Parse:an adjective clause with another sentence

Yang

Senior Member
Taiwan /Traditional Chinese
The literature of that world, which, whether or not we are acquainted with it, still underlies many of our institutions, attitudes, and thought, was written in three languages--Hebrew, Greek, and Latin.

Q A: Should the sentence be parsed in this way? (1 + 2 = the sentence)
1.) The literature of that world was written in three languages--Hebrew, Greek, and Latin.
2.) The literature of that world, whether or not we are acquainted with it, still underlies many of our institutions, attitudes, and thought.

Q B: Is 'whether or not we are acquainted with it' an adjective clause/a relative clause too? I was wondering to which part of speech this sentence belongs?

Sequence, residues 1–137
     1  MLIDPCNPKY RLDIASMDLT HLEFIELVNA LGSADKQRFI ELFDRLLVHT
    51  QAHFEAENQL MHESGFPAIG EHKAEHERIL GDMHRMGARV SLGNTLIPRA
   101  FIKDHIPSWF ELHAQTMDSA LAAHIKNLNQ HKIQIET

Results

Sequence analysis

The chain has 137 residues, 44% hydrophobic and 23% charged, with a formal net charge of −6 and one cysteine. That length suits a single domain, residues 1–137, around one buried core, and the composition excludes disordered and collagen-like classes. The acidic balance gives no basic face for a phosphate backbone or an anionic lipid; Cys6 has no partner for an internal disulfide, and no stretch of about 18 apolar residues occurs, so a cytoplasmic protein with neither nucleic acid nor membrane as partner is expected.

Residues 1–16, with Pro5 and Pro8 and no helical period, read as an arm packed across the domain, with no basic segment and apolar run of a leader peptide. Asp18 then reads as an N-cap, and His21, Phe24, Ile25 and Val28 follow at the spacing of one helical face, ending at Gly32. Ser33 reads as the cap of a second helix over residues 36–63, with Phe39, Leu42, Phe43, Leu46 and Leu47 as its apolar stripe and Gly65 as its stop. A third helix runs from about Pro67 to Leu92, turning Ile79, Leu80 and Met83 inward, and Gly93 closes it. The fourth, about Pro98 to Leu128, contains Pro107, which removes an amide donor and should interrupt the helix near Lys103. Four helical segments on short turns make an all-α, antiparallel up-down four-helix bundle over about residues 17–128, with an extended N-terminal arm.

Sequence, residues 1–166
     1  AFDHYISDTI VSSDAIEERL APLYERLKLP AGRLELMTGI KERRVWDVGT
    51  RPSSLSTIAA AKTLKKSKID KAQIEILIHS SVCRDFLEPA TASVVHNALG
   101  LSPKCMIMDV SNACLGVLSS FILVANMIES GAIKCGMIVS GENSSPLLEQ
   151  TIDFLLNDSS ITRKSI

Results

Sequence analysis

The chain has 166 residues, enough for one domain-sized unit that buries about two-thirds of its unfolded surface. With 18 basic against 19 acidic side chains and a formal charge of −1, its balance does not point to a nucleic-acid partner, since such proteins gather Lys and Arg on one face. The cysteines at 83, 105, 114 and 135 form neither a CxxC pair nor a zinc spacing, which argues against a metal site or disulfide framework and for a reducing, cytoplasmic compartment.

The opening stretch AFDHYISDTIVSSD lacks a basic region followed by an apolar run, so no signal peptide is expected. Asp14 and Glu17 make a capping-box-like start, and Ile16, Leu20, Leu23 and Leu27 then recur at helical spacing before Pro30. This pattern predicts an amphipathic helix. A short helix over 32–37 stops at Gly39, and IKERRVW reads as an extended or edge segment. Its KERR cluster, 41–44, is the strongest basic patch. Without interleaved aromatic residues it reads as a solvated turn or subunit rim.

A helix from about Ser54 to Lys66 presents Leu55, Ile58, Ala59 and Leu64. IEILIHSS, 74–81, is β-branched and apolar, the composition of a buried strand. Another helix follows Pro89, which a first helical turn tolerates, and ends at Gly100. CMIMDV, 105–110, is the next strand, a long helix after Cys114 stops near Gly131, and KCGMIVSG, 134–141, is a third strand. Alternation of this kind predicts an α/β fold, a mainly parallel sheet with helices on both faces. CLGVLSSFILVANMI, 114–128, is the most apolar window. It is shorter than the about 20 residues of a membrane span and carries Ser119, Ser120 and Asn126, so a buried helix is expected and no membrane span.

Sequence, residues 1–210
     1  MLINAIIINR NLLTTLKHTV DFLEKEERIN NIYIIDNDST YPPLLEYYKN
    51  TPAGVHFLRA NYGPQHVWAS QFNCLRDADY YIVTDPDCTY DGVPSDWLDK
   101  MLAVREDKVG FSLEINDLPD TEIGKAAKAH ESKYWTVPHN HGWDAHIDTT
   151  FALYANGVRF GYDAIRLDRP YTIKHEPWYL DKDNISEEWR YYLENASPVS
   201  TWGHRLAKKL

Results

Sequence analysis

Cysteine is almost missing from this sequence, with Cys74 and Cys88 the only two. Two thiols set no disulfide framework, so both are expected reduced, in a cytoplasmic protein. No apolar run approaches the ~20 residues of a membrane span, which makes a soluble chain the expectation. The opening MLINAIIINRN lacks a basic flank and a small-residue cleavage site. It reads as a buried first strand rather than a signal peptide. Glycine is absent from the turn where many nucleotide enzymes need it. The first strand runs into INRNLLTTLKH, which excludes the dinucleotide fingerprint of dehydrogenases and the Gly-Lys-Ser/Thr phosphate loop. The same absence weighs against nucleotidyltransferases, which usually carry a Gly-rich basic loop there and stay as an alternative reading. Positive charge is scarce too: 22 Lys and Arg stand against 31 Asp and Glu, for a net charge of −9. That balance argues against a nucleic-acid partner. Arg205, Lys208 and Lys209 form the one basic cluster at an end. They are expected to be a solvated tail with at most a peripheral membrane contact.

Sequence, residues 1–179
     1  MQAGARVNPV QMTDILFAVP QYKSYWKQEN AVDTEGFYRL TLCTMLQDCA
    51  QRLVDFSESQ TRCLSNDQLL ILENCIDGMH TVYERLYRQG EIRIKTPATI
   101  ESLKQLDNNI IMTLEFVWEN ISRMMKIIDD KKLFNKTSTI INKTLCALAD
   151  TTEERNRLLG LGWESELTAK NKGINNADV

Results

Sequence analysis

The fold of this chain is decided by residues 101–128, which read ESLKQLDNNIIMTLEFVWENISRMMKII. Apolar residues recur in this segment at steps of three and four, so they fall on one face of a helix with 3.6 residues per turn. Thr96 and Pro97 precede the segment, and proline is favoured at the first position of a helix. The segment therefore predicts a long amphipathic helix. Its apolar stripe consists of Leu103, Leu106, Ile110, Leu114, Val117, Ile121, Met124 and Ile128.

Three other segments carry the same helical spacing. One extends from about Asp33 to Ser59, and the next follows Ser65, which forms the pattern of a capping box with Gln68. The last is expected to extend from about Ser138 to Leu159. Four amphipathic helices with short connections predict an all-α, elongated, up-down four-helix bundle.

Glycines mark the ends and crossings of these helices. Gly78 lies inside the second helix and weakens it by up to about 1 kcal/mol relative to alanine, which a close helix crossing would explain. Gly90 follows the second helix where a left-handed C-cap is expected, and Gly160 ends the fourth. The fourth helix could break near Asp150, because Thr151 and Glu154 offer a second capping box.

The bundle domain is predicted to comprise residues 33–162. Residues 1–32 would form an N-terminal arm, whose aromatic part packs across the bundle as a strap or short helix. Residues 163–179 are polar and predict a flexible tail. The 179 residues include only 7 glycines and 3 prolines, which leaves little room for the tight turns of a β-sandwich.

Q C: Does 'underlies' here mean 'to be the basic thing from which something develops' or something else?

Any opinion and explanation would be appreciated.:)
 
  • Isotta

    Senior Member
    English, Hodgepodge
    Q A: Yes, 1+2=sentence.

    Q B: "Whether" is a subordinator, and I suppose it would modify "literature."

    Q C: "Underlies" means here to be the basis of, to account for, almost to be at the (often unwitting) heart of.

    I hope that helps a little.

    Z.
     
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